Life happens and circumstances change. Whether you are a parent who pays child support or a parent who needs to receive it to provide for your child, you know what a big role this financial arrangement plays in the lives of everyone involved. So what happens when the child support arrangement ordered by the court is no longer right? There are lots of situations in which this might be the case, and sometimes it is possible to ask the family court to modify the child support order for your family. Let’s consider some situations in which this could happen.
But first, there needs to be a distinction made between an “adjustment” and a “modification”. An adjustment is faster and simpler. A modification is more complex and involves a longer process. Here are some situations:
Either Parent Experiences an Involuntary Change in Income
If the receiving parent experiences a loss of income, it may make sense for the paying parent (obligor) to contribute more so that the child’s quality of life does not decline. Likewise, if the receiving parent’s income increases while the paying parent’s income stays the same, it could be adjusted. If the paying parent’s income rises or falls, it may be possible for them to get an adjustment that changes their child support obligation proportionally to the change. Remember that to qualify you for a change, the changes must be involuntary. Voluntarily taking a lower-paying job or becoming a stay-at-home parent will not qualify you for a change.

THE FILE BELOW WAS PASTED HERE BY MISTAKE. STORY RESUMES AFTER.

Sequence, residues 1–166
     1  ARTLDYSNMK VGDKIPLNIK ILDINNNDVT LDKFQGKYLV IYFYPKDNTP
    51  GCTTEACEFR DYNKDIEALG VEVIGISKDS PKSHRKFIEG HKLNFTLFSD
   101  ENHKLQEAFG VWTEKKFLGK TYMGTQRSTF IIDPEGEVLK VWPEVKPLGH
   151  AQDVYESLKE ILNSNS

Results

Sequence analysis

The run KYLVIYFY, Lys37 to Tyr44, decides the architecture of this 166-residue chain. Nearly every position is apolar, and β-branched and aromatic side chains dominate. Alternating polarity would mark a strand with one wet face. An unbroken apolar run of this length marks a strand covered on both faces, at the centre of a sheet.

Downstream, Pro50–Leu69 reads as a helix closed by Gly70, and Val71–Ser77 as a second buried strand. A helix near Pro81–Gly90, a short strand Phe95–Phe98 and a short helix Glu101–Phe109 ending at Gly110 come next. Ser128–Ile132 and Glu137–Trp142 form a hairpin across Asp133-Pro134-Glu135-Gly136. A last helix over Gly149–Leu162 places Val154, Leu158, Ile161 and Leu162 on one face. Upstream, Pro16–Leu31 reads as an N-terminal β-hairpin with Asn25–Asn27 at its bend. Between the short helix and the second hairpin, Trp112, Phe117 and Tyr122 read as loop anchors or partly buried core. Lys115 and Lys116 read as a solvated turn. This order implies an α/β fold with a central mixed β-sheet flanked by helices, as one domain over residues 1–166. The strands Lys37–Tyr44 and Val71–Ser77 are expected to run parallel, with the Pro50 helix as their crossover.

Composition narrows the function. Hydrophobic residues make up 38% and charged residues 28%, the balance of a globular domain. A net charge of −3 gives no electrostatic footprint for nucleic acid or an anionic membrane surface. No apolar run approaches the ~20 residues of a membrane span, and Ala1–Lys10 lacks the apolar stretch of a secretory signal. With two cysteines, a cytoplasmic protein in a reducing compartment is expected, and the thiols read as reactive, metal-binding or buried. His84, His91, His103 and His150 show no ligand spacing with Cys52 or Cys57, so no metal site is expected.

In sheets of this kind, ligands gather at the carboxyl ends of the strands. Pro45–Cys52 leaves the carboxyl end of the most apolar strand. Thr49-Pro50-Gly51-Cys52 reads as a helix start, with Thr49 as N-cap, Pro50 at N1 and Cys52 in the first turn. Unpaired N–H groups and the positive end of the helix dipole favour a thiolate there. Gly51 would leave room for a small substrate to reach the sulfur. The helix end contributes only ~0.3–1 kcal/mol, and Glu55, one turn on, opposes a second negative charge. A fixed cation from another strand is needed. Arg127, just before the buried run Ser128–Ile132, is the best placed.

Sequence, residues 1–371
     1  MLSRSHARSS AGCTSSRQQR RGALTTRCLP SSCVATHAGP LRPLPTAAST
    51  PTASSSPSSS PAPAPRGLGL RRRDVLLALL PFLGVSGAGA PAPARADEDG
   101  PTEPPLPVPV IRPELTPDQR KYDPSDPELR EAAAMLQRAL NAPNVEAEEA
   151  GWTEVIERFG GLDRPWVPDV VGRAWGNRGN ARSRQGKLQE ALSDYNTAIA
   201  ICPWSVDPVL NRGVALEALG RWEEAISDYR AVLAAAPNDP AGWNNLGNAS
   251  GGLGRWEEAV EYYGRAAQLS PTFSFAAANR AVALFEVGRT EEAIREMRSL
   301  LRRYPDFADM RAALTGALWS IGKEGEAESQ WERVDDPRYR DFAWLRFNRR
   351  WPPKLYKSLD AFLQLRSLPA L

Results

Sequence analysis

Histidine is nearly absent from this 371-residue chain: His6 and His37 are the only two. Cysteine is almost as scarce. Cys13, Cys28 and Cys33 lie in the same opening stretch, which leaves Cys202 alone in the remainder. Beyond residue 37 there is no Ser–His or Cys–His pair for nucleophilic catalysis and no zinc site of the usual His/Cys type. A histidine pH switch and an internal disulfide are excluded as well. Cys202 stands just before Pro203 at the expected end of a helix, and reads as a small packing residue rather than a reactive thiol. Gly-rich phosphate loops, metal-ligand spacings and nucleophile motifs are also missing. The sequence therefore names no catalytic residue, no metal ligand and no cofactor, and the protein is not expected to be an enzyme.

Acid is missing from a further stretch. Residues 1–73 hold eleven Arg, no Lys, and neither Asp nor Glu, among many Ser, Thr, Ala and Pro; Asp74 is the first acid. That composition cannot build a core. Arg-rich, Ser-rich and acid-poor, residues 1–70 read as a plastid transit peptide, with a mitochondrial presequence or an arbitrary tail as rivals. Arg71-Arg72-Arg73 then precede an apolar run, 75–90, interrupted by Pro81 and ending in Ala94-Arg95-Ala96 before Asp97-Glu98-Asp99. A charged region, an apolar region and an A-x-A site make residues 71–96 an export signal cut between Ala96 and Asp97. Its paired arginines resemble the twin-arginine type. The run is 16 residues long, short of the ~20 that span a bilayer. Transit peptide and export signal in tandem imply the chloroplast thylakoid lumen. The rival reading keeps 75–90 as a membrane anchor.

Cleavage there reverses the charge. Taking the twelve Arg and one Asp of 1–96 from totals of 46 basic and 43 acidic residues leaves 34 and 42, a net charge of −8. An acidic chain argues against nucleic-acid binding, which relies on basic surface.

Additional Children Are Born to The Paying Parent
If the paying parent has additional children, the obligor can request that his/her child support obligations be recalculated. Like an involuntary change in income, this would be considered a “substantial change in circumstances” and be considered for a modification.
The Child Needs Change
Older children often have more expenses than younger children because of things like school tuition and extracurricular activities. The receiving parent can request more child support to reflect these changing needs if more than a year has passed since the current order of support was entered and the child has moved up to a new age category in the support schedule. A child’s needs may also change due to medical issues or special needs.
The Child Is Going to College
Child Support Payments Are Usually Ordered to Be Paid until The Child Turns 18 Years Old or Graduates from High School. However, You Can Also Ask that The Court Order Child Support Continue Past 18 Years Old or Past High School and Continuing to College.
ZafiroLaw Can Help
At ZafiroLaw, we have the knowledge and experience to help you request an adjustment or modification to your child support order when the circumstances call for it. If you have experienced any of the circumstances described above, or if something else has happened that you believe calls for a change in your child support order, we welcome you to contact our team. We will guide you through the process of getting a court order that is more appropriate for your family’s current situation and needs.